Alejandro Alfaro-Santiz is currently serving two congregations: Trinity Las Americas UMC and Wesley UMC. Both are inner city parishes in Des Moines, IA.
I served as the pastor of Las Americas Faith Community, a Latino congregation, for three years, until last December when Trinity UMC and Las Americas decided to officially merge into one congregation, becoming the first multicultural congregation of the Iowa Annual Conference of the UMC. There’s only one worship service and it is completely bilingual (English and Spanish), we pray and sing in different languages (in addition to Spanish and English).
Alfaro-Santiz describes Trinity Las Americas UMC (TLA) as a social justice-oriented congregation. It was the first Reconciling Congregation in Iowa, during the 1980s. It was also a sanctuary for people fleeing war from Central America. Many people in the congregation support interfaith relations, the fight for $15 per hour campaign, and efforts to stop homeless camp evictions in Des Moines. He also says that many in the congregation support immigrant and refugee rights, environmental justice, prison reform, asset based community development, [and] faith based community organizing. He gives a lot of credit for the strength of the merger of the congregations to Rev. Barb Dinnen. She was the pastor at Trinity and now serves full-time at Trinity Las Americas. Alfaro-Santiz is grateful for her leadership and mentorship.
There is a lot of activism at TLA! After the election in November 2016, we held an event called “Chicken Soup for the Soul and the Body.” We invited the community to lament and express their concerns. Forty-five people, from four different continents, Muslims, Christians, immigrants, refugees, Latinxs, Asians, African Americans, white people, school teachers, and neighbors all came together. It was amazing to see a Salvadoran Christian man start to develop a relationship with an Egyptian Muslim man and think about how to organize for the benefit of the community. We are a very diverse congregation, we are black, brown, white, different sexual orientations, have different levels of formal education, different citizenship/immigration statuses, different physical and mental abilities, different socioeconomic classes, and people identify as Catholic, Methodist, Buddhists, Unitarians, agnostics and spiritual seekers. We have babies, children, teenagers, adults, and seniors.
Alfaro-Santiz sent the following picture, created by Alyza, one of his young parishioners.
About her and the picture, he said:
She is a 12-year-old, African American, very sharp young girl. What she wrote captures the radical hospitality of TLA.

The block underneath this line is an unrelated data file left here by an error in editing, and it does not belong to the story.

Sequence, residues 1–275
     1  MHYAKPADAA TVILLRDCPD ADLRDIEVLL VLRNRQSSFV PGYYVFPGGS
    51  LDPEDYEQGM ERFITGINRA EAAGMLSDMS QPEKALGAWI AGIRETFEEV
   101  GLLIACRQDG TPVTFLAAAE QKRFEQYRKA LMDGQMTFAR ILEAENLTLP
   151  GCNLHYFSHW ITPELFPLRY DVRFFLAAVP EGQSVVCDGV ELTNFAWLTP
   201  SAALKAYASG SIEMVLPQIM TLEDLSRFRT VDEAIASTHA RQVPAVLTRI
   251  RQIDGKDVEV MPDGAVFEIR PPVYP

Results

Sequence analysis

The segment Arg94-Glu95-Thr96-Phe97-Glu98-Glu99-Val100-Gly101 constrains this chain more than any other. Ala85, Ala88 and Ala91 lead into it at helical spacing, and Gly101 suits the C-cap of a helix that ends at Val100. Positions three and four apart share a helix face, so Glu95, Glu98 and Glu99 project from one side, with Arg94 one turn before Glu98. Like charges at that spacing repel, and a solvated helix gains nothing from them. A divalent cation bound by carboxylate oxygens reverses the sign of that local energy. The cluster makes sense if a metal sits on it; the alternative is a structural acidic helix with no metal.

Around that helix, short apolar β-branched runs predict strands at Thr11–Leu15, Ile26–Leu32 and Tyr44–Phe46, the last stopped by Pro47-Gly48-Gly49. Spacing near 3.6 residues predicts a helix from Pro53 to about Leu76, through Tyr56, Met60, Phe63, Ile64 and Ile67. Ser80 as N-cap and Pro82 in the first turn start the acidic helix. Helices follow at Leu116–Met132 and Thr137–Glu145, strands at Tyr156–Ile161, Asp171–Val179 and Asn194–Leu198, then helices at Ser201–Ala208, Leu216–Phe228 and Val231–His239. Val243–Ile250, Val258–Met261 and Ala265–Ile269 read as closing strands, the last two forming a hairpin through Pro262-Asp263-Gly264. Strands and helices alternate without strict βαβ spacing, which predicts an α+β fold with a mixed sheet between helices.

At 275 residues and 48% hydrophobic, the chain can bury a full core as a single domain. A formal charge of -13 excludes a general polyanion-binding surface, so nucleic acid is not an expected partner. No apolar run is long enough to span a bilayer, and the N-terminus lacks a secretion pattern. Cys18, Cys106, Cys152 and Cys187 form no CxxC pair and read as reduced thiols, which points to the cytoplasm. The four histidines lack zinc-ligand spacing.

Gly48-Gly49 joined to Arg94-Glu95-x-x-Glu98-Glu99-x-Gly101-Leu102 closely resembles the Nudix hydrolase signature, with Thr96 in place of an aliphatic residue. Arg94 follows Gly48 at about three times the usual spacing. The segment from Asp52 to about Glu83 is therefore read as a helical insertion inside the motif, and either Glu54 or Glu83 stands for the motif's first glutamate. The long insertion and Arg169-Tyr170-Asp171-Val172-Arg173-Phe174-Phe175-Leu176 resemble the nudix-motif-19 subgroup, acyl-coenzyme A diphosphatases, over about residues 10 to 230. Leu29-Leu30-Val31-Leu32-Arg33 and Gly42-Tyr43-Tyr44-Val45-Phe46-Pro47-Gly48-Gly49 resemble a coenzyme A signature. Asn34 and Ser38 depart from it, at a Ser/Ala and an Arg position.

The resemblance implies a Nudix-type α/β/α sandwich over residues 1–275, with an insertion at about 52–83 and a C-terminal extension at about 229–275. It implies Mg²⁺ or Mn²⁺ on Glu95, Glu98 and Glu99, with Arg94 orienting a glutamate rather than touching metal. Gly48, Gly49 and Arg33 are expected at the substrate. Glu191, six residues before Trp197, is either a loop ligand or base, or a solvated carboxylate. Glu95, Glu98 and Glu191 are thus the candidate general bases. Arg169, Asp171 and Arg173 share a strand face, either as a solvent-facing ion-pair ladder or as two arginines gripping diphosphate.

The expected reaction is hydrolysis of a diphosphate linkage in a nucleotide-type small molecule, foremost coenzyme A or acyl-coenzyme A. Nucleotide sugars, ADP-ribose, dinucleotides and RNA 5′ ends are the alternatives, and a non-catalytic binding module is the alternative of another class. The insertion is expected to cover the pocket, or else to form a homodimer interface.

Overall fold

There’s always something happening at the church building, which is known by its big, red doors, from Sunday to Sunday. An estimated 300 people go through the doors of the church on any given day. Besides worship on Sunday, there are ELL classes, citizenship classes, we give away produce twice a week, and there’s donated bread everyday that people can come get whenever they need it. There’s also a prison van ministry that drives people every two weeks to different prisons in Iowa because there is no public transportation for people to visit their loved ones who are incarcerated. Children and Families Urban Movement, CFUM, is a non profit that operates in the church building. CFUM started in the 70’s as a ministry of the church offering breakfasts, after school programs, and a community dinner meal that is open to anyone from Monday to Saturday.
Alfaro-Santiz provided this 3 minute YouTube video to help describe TLA: https://www.youtube.com/watch?v=OzLNfgzwEwc
Alfaro-Santiz also has great hopes for his other appointment.
Wesley UMC has a lot of potential to replicate the work being done by TLA. Right now we are on the early stages of working with the congregation to be in relationship with the neighborhood. The church hosts the neighborhood monthly meetings and have started to host a weekly meeting of Latino students from East High School called “Al Exito.” Friends of Iowa Women Prisoners meets monthly at Wesley and every year in February the UMC Advocacy Day starts at Wesley UMC before heading across the street to the Iowa Capitol building.
I’m incredibly blessed to be serving in such a progressive and social justice minded congregation that focuses on doing ministry with people instead of for people. When I preach on Sunday I can share my understanding of who God is and what it means to follow Jesus, without having to hold anything back.
Alfaro-Santiz views ministry as both within the congregation where he is appointed and throughout the state of Iowa.
In the UMC I serve as the Iowa Annual Conference Peace with Justice Coordinator, I’m part of the Conference Operative Team for Spiritual Leadership Inc., as well as part of the Central District Operative Team. I am the Dean of the Spanish School of Lay Ministry for the IAUMC. I’m part of the Do No Harm group in Iowa (Reconciling Ministries in IAUMC). I’m also part of the design team for Route 122 in 2017.
Outside the church I’m the vice chair of the Interfaith Alliance of Iowa Action Fund, I’m a member of the Iowa Clergy Allies of Immigrants, I’m involved in the Des Moines Workers Alliance, and I’m a member of Concerned Citizens of Iowa. I believe that as a follower of Christ (not just as clergy) I need to be on the ground working with people for justice and helping everyone realize that we are all interconnected. Iowa has been a great place to be a follower of Christ.
My time at Iliff helped me to understand issues from an intersectional perspective and to do ministry “outside the box” or to do it with the people instead of for the people.